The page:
NI-SCOPS: Coalition To Revive Moribund Palm Oil Industry

Palm Oil production has gained prominence in the international market in recent time, due to increased demand as raw material for biodiesel and strict policies on trans-fat foodstuffs in Europe and the U.S.

Despite this, Nigeria is yet to tap into this opportunity, due to several challenges.

Currently, the country relies on importation of palm kernel and allied palm products to meet domestic demand, a development considered as a threat to the Federal Government’s economic diversification campaign.

The country, which was the largest producer of palm oil in the world in the early 1950s, accounting for 40 per cent of the global output, now has a world share of 1.57 per cent, with Indonesia leading by 33 million mt; Malaysia, 19.8 million mt; Thailand, two million mt; Colombia, 1.108million mt; and Nigeria, a meager 970,000 mt.

Last Tuesday, the Senate called on the Federal Government to support improved production of palm oil to meet domestic needs and for export.

The call, which came on the heels of a motion titled: “Urgent need to revive the Palm Oil industry in Nigeria,” sponsored by Senator Francis Onyewuchi (PDP, Imo East) and co-sponsored by 15 other senators, stressed the need for improved palm oil production in order to meet the domestic needs of the market, as well as revive the moribund Nigerian Institute for Oil Palm Research (NIFOR) in Benin, Edo State.

Onyewuchi said: “Nigeria spends $500 million on oil palm importation yearly, despite being the largest producer and exporter of the product in the ’50s and ’60s. The country is now the net importer of palm oil, importing 400,000 -600,000 mt of palm oil to meet local demand.”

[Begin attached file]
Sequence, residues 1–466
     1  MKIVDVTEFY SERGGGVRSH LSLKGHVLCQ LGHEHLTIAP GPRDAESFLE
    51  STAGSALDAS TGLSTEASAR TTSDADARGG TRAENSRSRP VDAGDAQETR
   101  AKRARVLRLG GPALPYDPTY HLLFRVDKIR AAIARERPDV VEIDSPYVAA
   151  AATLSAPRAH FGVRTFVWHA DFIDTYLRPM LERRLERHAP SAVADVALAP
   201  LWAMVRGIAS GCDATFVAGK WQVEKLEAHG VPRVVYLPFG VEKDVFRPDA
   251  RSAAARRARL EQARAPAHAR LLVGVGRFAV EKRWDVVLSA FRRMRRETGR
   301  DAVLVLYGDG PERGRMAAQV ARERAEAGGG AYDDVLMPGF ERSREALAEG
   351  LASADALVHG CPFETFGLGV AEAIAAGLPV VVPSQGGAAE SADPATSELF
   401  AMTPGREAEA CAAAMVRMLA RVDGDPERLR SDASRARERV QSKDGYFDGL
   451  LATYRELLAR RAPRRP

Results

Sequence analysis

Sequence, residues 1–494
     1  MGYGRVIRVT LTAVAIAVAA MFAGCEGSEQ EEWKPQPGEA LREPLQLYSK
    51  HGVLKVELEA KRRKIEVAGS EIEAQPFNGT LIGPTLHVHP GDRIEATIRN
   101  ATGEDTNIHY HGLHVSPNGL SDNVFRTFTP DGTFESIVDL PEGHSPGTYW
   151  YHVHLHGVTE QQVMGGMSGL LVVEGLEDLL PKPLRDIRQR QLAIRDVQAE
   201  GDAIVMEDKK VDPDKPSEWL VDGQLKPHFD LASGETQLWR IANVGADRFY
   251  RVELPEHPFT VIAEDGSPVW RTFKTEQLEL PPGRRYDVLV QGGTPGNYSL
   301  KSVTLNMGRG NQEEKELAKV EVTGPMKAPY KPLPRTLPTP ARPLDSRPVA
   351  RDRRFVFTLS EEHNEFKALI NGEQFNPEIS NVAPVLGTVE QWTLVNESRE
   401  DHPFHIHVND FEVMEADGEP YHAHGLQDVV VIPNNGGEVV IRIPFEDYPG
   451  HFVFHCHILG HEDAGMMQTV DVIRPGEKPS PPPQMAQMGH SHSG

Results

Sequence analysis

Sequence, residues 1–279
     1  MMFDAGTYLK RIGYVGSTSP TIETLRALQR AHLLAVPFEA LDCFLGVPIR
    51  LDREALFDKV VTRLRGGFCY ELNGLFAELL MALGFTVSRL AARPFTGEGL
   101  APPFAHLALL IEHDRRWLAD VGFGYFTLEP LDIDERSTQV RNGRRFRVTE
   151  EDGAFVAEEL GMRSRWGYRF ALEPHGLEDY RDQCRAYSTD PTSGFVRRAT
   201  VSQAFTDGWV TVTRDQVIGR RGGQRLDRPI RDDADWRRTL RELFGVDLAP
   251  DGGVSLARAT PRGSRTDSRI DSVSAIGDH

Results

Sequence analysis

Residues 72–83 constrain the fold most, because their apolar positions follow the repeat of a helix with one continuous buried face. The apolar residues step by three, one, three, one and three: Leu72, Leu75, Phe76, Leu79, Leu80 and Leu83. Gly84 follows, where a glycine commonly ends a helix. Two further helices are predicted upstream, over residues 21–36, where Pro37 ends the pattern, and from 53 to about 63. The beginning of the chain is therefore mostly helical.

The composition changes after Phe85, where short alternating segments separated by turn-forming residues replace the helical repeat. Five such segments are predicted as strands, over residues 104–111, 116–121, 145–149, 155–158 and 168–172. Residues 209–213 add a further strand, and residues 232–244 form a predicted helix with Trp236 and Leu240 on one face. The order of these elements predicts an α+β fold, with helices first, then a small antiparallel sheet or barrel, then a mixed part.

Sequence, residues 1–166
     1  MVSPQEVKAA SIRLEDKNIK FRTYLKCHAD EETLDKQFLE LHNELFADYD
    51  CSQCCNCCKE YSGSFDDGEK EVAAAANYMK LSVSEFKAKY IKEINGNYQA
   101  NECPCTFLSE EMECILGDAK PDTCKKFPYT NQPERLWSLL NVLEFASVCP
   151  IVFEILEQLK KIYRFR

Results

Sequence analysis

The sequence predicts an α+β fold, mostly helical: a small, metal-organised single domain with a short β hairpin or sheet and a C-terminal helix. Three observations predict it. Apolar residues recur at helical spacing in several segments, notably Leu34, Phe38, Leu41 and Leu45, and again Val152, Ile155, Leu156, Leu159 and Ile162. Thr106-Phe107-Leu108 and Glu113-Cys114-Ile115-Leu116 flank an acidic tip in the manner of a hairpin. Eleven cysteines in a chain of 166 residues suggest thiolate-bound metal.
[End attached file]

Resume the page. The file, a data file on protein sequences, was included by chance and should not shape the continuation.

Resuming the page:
According to reports, Nigeria imported 450,000 tons of palm oil costing about N116.3b in the year 2017 alone.

For that year, while the country’s domestic production stood at 970,000mt, demand was 2.7million tons, leaving a deficit of 1.73million mt.

Some of the identified constraints to the development of the industry include- lack of access to timely, sufficient and good quality inputs and climate smart technologies; inadequate institutional, marketing and financial support mechanism; low level of commercialisation and the implication of oil palm production in the destruction and fragmentation of rain forests.

To address these challenges, the Sustainable Trade Initiative (IDH) and the Solidaridad West Africa (SWA), with funding from the Netherlands Government, have initiated a program- the Sustainable Climate-Smart Oil Palm Smallholders (NI-SCOPS), Nigeria, aimed at contributing to the sustainable development and growth of global oil palm economy.

NI-SCOPS is focusing on Nigeria, Ghana, Indonesia, and Malaysia, which are four major palm oil-producing countries.

The initiative seeks to improve the livelihood of smallholder oil palm farmers through increased income; increased quality and quantity of oil palm production towards the attainment of national self-sufficiency; and reduction of deforestation for the promotion of sustainable and climate-smart practices at the landscape level.

At this inception year, the program will create a multi-stakeholder framework to harness collective ideas and strengths to develop the test, validate and scale-up sustainable and climate-smart oil palm production practices that deliver benefits to value chain actors and preserve the ecosystem.